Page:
Peyer’s patches- Small white patches of lymphoid tissue, called Peyer’s patches, are found on the mucous membrane of the small intestine. They fight infection.

Functions of Small Intestine:
  • Digestion of all digestible components of food is completed.
  • Most of the absorption of digestive food occurs in the small intestine. For this, it has villi for increasing its absorptive surface by 10 times.
  • It produces hormones like secretin, cholecystokinin, motilin, villikinin, enterogastrone, enterocrinin and duocrinin which control the secretory and absorptive activity of different parts.

Large Intestine:

It is much shorter than the small intestine and is basically for the absorption of water and for discharging the undigested wastes. It has three parts caecum, colon and rectum.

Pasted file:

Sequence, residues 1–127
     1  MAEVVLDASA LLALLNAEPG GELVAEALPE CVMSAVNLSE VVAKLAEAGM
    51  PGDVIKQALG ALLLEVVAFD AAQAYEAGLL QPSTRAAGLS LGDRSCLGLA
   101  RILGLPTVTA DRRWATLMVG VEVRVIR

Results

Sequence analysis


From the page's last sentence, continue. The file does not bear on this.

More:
Caecum:

Caecum is a blind sac and is present where ileum joins the large intestine (just below the opening of ileum). In case of humans, it is very small and from it extends a small finger like vermiform appendix which gets infected during appendicitis. Caecum is large and spacious and a food storage organ in herbivores where cellulose digestion take place.

Colon: